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Modern (French moderne from latine modernus – new, modern) is the period of European art development in the XIX-XX centuries, the main feature of which was the desire of artists to oppose their creativity to historicism and eclecticism of the second half of the XIX century. The chronological framework of Modern is very narrow, namely, from 1886 till 1914. Modern is not a one style, but a variety of different styles and movements that make up a period no less important than the Renaissance of the XVI century. The turn of XIX-XX centuries was a “valuable stage, completing a grand cycle of European culture development, beginning in antiquity”. Modern was deemed to be not an art style, but a lifestyle, as new ideas permeated with all aspects of human existence.

Romanticism was the background of the Modern era. Neo-Gothic became one of the major stylistic trends of the Modern art. The Modern epoch ideals were differently reflected in its various movements. These movements were not only different, but, sometimes incompatible and nonetheless intertwined: ornamental and constructive, floreale and geometric, innovative and retrospective, neo-classical and neo-gothic, industrial and handicraft. Main movements of Modern usually distinguished are as follows:

- floreale style, or “Art Nouveau”;
- neo-romantic (national-romantic) style;
- rational, or geometric style;
- neo-plastitsizm, or organic architecture;
- neo-classical style.

In Austria Modern was known as “Secession”. The Vienna Secession was founded by artist G. Klimt and architect O. Wagner.

In Germany the “new style” was called “Jugendshtil” after the Jugend magazine, which was a ganglion for progressively minded artists.

In Italy Modern was known as “Liberty” by the name of the owner of one British company, inculcate “new style” in the country.

In France it was called “Art Nouveau”.

The main motto of the new style (“Back to Nature”) was declared by Belgian artist and architect A. Van de Velde. The Belgium and Viennese Modern were strongly influenced both by the Eastern Japanese art, and the new, rational and constructive art of Scots, in particular art of C. Mackintosh. Under the influence of the straight lines of his furniture the avid “florealist” V. Horta said: “I left the flowers and leaves, and took up the stems and sticks”.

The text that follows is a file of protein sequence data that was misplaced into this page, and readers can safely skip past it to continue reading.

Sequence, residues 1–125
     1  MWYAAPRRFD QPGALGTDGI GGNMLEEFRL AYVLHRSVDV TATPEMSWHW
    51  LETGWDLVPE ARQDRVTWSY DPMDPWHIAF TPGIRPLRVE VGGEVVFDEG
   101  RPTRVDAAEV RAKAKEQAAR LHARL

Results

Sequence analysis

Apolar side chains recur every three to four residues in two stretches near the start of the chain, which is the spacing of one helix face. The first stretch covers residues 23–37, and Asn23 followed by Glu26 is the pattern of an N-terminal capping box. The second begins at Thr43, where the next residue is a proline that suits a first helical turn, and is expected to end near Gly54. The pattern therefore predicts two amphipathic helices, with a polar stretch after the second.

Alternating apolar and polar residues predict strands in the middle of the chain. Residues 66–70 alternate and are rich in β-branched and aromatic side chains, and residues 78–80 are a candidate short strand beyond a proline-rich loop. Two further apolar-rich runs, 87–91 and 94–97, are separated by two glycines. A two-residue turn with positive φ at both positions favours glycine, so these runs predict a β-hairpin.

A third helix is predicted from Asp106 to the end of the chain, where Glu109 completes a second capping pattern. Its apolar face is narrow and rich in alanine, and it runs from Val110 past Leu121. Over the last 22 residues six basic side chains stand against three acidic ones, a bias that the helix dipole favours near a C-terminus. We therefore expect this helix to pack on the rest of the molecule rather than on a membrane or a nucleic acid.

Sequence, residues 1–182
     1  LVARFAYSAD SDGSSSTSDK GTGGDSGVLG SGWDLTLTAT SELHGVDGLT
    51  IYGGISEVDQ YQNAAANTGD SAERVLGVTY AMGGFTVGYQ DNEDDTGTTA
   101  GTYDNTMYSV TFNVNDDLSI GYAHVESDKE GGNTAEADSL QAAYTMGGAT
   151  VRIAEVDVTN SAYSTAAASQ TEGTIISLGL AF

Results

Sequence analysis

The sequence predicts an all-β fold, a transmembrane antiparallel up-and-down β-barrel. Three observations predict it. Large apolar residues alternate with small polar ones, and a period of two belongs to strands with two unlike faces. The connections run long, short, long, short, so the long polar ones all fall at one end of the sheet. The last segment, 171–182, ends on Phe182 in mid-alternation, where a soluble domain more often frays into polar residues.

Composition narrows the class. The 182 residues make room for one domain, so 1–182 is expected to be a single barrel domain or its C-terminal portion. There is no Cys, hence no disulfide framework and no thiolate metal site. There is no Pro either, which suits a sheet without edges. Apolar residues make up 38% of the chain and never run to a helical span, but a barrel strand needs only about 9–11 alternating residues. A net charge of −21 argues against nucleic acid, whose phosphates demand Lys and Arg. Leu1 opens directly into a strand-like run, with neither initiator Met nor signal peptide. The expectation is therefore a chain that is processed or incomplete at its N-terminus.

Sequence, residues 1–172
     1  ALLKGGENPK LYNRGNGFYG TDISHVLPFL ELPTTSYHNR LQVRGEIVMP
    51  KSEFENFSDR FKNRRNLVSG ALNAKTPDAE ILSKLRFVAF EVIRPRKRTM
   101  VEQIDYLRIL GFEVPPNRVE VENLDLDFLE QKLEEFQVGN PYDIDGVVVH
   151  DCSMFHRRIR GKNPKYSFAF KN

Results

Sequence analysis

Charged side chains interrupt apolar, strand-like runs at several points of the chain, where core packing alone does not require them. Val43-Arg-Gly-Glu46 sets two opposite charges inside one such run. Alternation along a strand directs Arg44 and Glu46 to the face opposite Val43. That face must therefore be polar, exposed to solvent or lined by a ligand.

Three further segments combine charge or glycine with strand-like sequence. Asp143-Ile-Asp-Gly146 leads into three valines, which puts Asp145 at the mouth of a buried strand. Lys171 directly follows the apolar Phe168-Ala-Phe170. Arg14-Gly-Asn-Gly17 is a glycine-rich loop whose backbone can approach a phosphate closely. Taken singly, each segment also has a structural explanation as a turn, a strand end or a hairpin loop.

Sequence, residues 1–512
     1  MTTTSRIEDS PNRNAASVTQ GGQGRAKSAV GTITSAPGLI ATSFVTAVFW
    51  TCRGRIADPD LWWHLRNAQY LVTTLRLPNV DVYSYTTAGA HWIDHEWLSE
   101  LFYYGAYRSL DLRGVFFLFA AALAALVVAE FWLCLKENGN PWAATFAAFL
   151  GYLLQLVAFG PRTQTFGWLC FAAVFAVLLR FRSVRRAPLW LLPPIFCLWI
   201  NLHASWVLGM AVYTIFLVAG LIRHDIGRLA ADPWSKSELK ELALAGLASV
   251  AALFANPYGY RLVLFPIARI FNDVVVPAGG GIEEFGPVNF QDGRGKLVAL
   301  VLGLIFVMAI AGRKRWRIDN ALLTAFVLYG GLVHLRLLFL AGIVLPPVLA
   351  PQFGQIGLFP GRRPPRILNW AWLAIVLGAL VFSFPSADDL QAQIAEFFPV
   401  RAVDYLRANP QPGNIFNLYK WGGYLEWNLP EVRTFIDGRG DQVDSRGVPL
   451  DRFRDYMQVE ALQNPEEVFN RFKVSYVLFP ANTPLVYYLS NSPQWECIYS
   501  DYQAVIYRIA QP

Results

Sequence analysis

Stylistically diverse romantic thinking has manifested itself in the Russian Modern. F. Shehtel was a Genius architect of Moscow Modern. The most prominent representative of romantic movement in Modern was M. Vrubel (1893 – residence of Z. Morozova in Moscow). The staircase of this amazing building imitates romantic Gothic forms, the main hall in the Empire style and the living room in Rococo style (already the fourth in succession). And all these fictional interiors were furnished with a genuine museum furnishing. Vrubel’s decorative painting and stained glass at Morozova’s mansion were artfully styled on medieval.

The desire of Russian artists for complete “artistic and romantic” environment was manifested in the extremely vivid cultural phenomenon called “fin de siècle”, the famous “Diaghilev Seasons” in Paris.
The general trends of modern art gave a common ground for such diverse artists as O. Wagner and F. Shekhtel, G. Klimt and M. Vrubel, A. Van de Velde and L. Bakst. It was the aestheticization of individual methods that connected them. That’s why, along with the term “period of Modern” is possible to use the concept of “Modern style”, combining all new that has appeared in the art of the different countries of those years.

Symbolism had a special place in Modern style. The most fantastic forms were acquired by the symbolism of Art Nouveau in Spain, in the works of brilliant symbolist architect A. Gaudi.
Just before the First World War, the Modern art, mainly architecture, has changed its plasticity for a constructive clarity, simplicity, rationality and asceticism. The “Modern-Classicism” movement or modernized classics has developed, presented in St. Petersburg in the works of F. Lidval, M. Lyalevich, A. von Gauguin, N. Zakharov, M. Peretyatkovich. It was closely related to the “Nordic Modern” style, which first emerged in Sweden and Finland, and later on in St. Petersburg in the framework of the national romantic movement.

At the same time there were even more radical movements of Neo-Classicism and constructivism, opposing themselves to the ideals of the early Art Nouveau. The “pure classic” architects of the time were I. Fomin, A. Tamanyan, V. Shchuko, A. Shchusev, and I. Zholtovsky.

Sometimes, Modern may push away with its naturalistic details, but in general this art is deeply intellectual, as its artists strive to creatively rethink the entire history of European art. This is particularly well illustrated by the ordinary residential homes in the Art Nouveau style in St. Petersburg.